On February 7, 2017, a historic tie-breaking vote confirmed Betsy DeVos as the next Secretary of Education.
Two Republicans voted against DeVos’s confirmation—Susan Collins of Maine and Lisa Murkowski of Alaska—but other than that, the vote fell completely along party lines, with 46 Democrats and two Independents voting against, and 50 Republicans voting in favor of DeVos.
Collins and Murkowski announced that they wouldn’t be voting for DeVos, and both said that in addition to their own reservations about DeVos’s qualifications, they were influenced by the “thousands of messages” they had received urging them to reject DeVos.
Because the Senate came to a tie, Vice President Mike Pence, in his role as President of the Senate, was called in to make the tie-breaking vote. According to the Senate historian, this is the first time a vice president has ever been called in to break a tie on a cabinet nominee vote. Pence declared his vote for DeVos and then announced that she had been confirmed.
DeVos had faced vocal opposition from teachers’ unions and, surprisingly given her history of being a charter school advocate, even some charter school groups.
She has indicated that her goal is to expand parental choice in education, which includes charter schools and vouchers that would allow students to federal money to pay tuition at private, religious, and for-profit schools.
The school reforms DeVos backed in her home state of Michigan favored for-profit charter schools, and her American Federation for Children favors vouchers and so-called “tax credit scholarships,” which allow companies to offset tax liability by donating to scholarship funds at private schools. Private schools also include religious schools. In Florida, one of 25 states that have tax credit scholarship programs, 70 percent of those dollars went to religious schools.
However, the federal role in public education is actually quite small, and therefore, DeVos’s ability to make changes in K-12 education is similarly small. Less than 10 percent of the money used to run the nation’s public schools comes from the federal budget, and the Every Student Succeeds Act actually gave more authority to the states to identify and remedy failing schools.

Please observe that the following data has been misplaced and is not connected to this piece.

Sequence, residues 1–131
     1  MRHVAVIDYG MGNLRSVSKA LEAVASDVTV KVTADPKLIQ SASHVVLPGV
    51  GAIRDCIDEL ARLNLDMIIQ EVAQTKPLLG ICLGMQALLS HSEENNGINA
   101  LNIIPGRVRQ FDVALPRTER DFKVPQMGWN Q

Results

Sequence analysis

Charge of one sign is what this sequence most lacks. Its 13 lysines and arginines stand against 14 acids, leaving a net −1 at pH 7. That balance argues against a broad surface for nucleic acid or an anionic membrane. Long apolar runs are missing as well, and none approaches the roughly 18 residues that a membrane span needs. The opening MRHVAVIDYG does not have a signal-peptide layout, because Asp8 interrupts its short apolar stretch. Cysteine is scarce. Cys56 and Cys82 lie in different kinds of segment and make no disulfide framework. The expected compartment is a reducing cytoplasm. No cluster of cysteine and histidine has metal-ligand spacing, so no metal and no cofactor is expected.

There are some significant issues in the higher education field, and this is where DeVos’s influence might cause some major changes. First of all, the Higher Education Act of 1965, which governs the administration of federal student aid programs, is up for reauthorization, a process it undergoes with little fanfare every five years. But with DeVos in the EdSec seat, there is the potential for changes to federal student aid programs.
In addition, DeVos said she would “review” the gainful employment rule, which requires colleges to demonstrate that they are preparing a significant percentage of their students for the job market. This rule is primarily directed at for-profit colleges, which the Obama administration went after with allegations of fraud and predatory lending.
DeVos also said in her hearing that it would be “premature” to say whether or not she would uphold a 2011 ruling that Title IX’s bar on sex discrimination at colleges also requires that those schools take an active role to prevent and vigilantly investigate sexual assault.
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